account.Balance += request.Amount
	_, err = tx.ExecContext(ctx, depositAccount, account.Balance, account.ID)
	if err != nil {
		tx.Rollback()
		fmt.Println(err)
		return entity.ErrInternalServer
	}

	tx.Commit()
	return nil
}

Optimistic Implementation

In the optimistic implementation, SQL will look like this:

SELECT * FROM account WHERE username = $1 LIMIT 1;
UPDATE account SET balance = $1, version = version + 1 WHERE id = $2 AND version = $3;

If we look at the update query there is a version = $3 on the where clause, it is used to check if there is any other modification on the row between our select and update queries. If the update query return zero rows affected it means the row has been modified between our select and update queries, then we have to retry those two queries.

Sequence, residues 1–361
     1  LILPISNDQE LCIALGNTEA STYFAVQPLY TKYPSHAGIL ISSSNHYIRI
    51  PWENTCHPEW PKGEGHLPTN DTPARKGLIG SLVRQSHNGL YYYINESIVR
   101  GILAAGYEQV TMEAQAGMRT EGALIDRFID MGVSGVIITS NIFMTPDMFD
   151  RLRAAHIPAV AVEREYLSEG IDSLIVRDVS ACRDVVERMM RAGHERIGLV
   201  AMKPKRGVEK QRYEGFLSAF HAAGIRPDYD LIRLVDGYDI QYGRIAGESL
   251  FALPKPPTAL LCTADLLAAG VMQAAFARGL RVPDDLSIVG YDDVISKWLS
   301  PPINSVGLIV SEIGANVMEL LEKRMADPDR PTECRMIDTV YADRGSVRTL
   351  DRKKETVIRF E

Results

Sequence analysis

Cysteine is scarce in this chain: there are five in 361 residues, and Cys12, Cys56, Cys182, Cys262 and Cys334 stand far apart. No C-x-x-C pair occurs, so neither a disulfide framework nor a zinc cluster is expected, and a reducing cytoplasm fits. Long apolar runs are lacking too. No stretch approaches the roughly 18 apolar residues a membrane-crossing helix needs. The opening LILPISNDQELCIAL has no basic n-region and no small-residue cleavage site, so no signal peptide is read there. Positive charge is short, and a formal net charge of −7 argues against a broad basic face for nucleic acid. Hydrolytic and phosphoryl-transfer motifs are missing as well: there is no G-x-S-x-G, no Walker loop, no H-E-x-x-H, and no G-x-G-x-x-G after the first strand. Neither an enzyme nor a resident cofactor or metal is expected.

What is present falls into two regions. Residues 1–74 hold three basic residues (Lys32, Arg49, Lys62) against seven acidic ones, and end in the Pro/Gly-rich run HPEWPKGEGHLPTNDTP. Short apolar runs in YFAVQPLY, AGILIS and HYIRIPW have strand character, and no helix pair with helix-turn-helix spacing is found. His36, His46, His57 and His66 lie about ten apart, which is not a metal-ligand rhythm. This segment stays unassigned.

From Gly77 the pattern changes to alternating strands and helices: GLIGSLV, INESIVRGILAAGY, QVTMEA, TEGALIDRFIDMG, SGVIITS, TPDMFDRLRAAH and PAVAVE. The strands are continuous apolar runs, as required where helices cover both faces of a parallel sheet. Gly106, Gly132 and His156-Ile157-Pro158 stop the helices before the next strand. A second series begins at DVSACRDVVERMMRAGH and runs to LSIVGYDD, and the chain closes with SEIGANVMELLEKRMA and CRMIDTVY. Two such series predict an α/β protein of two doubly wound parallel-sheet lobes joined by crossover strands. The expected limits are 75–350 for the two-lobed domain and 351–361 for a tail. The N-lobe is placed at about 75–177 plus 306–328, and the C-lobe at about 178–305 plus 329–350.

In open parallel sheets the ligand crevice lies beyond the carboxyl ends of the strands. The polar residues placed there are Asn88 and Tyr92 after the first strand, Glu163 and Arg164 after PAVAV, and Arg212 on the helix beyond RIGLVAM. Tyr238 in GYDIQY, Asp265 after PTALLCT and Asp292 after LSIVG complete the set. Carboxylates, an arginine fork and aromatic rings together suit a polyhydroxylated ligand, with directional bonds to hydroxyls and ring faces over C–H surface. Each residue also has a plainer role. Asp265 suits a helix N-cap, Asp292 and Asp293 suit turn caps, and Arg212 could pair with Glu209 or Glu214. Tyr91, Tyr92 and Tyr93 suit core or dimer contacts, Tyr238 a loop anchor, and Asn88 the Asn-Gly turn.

Our optimistic locking Golang implementation needs to create a retry mechanism and a maximum number of retries, it will look like this:

const (
	maxRetries              = 3
	selectAccountByUsername = "SELECT * FROM account WHERE username = $1 LIMIT 1;"
	depositAccountOpt       = "UPDATE account SET balance = $1, version = version+1 " +
                              "WHERE id = $2 AND version = $3;"
)

func (a *accountRepositoryOpt) Deposit(ctx context.Context, request *entity.DepositRequest) error {
	return a.depositOpt(ctx, request.Username, request.Amount, 0)
}

func (a *accountRepositoryOpt) depositOpt(ctx context.Context, username string, amount float64, retry int) error {
	// check retry count
	if retry >= maxRetries {
		return entity.ErrMaxRetry
	}

	// select account
	rows, err := a.db.QueryxContext(ctx, selectAccountByUsername, username)
	if err != nil {
		return entity.ErrAccountByUsernameNotFound(username)
	}

	var account entity.Account
	for rows.Next() {
		err = rows.StructScan(&account)
		if err != nil {
			return entity.ErrInternalServer
		}
	}

	// add account balance with the depositOpt amount
	account.Balance += amount

	// update new account to db